Healthcare Industry News:  cervical cancer vaccine 

Biopharmaceuticals

 News Release - March 22, 2007

CDC Finalizes Advisory Panel Recommendations for GARDASIL(R), Merck's Cervical Cancer Vaccine

WHITEHOUSE STATION, N.J.--(HSMN NewsFeed)--The U.S. Centers for Disease Control and Prevention (CDC) has adopted the unanimous recommendation of its Advisory Committee on Immunization Practices (ACIP) for the use of GARDASIL® (Quadrivalent Human Papillomavirus (Types 6, 11, 16, 18) Recombinant Vaccine) in girls and women ages 11 through 26. GARDASIL is indicated to help prevent cervical cancer, precancerous and low-grade cervical lesions, vulvar and vaginal precancers and genital warts caused by human papillomavirus (HPV) types 6, 11, 16 and 18. The vaccination guidelines, published in the CDC's Morbidity and Mortality Weekly Report (MMWR), and now available to physicians, finalize the provisional recommendations issued by the ACIP in June 2006.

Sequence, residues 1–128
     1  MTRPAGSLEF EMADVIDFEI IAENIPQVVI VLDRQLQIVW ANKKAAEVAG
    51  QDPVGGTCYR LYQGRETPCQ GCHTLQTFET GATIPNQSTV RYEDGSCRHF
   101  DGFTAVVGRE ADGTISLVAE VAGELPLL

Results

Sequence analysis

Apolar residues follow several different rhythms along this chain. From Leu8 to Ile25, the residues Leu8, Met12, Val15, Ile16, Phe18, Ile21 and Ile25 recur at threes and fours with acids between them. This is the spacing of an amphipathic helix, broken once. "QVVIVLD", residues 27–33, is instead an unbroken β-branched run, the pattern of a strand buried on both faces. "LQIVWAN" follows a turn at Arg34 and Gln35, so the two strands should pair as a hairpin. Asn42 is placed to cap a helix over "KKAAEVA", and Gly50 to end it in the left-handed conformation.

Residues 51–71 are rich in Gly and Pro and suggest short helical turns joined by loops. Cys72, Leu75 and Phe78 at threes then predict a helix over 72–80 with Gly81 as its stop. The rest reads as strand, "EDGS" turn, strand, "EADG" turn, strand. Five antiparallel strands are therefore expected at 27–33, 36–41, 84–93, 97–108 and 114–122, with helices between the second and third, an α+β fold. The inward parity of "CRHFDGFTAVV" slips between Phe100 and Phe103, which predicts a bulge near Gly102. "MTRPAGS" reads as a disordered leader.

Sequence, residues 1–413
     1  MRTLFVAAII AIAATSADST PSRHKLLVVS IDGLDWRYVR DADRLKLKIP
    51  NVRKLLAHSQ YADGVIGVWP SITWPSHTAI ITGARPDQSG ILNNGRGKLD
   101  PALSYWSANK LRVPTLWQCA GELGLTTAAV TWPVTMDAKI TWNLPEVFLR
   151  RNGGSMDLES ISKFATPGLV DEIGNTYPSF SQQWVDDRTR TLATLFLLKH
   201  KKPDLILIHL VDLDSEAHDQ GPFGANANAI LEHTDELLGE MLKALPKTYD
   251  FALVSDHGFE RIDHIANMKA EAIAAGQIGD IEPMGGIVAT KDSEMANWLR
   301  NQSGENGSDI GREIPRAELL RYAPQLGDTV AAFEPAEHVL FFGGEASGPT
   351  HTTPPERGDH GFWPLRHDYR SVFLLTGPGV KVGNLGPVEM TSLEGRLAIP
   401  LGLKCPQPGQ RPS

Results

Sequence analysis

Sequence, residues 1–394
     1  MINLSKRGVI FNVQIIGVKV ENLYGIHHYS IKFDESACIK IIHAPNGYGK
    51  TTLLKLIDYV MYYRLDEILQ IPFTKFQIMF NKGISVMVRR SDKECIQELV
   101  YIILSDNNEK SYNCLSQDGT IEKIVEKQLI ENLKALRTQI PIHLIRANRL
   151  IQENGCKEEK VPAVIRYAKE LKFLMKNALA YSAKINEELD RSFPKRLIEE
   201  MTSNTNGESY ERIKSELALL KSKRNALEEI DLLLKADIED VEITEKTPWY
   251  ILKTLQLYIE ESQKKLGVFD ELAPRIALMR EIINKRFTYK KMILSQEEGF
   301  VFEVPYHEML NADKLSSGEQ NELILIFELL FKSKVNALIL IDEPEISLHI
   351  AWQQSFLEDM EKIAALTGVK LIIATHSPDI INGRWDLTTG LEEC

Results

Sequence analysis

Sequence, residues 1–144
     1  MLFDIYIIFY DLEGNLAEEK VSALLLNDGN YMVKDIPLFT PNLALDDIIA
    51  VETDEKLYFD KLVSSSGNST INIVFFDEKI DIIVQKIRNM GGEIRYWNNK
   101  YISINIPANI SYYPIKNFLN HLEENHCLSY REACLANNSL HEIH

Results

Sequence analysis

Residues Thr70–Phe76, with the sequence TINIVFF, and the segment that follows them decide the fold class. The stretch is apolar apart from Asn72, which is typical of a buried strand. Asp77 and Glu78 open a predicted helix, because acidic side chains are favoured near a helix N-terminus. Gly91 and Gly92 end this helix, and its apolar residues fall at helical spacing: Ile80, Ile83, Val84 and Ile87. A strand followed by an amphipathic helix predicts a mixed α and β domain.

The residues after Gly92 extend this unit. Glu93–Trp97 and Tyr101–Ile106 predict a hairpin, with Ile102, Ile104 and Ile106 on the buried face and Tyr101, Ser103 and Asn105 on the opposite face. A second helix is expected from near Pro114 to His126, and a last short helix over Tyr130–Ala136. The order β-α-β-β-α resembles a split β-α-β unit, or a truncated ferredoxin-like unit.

The guidelines state that routine vaccination with GARDASIL (referred to in the guidelines as Quadrivalent HPV Vaccine) is recommended for 11- and 12-year-old females and for females ages 13 to 26 who have not previously been vaccinated or who have not completed the full series, and that vaccination with GARDASIL can be started at nine years of age. Additionally, the guidelines highlight that GARDASIL can be administered to females even if they have or previously had an abnormal or unclear Pap test, a positive HPV test or genital warts. Pap testing and screening for HPV DNA or HPV antibody are not needed before vaccination at any age. GARDASIL can help protect females against disease due to vaccine HPV types not already acquired. Females should be advised that data from clinical trials do not indicate the vaccine will have any therapeutic effect on existing cervical lesions, genital warts or HPV infection.